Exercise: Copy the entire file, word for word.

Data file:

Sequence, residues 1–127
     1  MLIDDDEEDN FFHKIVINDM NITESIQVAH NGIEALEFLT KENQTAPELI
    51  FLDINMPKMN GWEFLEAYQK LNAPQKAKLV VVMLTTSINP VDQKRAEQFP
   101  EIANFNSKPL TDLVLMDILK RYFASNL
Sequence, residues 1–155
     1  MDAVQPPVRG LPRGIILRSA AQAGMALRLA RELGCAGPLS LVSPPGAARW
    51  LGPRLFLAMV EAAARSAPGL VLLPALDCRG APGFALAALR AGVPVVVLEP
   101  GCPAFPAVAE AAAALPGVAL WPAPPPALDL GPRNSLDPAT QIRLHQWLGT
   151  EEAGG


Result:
Sequence, residues 1–127
     1  MLIDDDEEDN FFHKIVINDM NITESIQVAH NGIEALEFLT KENQTAPELI
    51  FLDINMPKMN GWEFLEAYQK LNAPQKAKLV VVMLTTSINP VDQKRAEQFP
   101  EIANFNSKPL TDLVLMDILK RYFASNL
Sequence, residues 1–155
     1  MDAVQPPVRG LPRGIILRSA AQAGMALRLA RELGCAGPLS LVSPPGAARW
    51  LGPRLFLAMV EAAARSAPGL VLLPALDCRG APGFALAALR AGVPVVVLEP
   101  GCPAFPAVAE AAAALPGVAL WPAPPPALDL GPRNSLDPAT QIRLHQWLGT
   151  EEAGG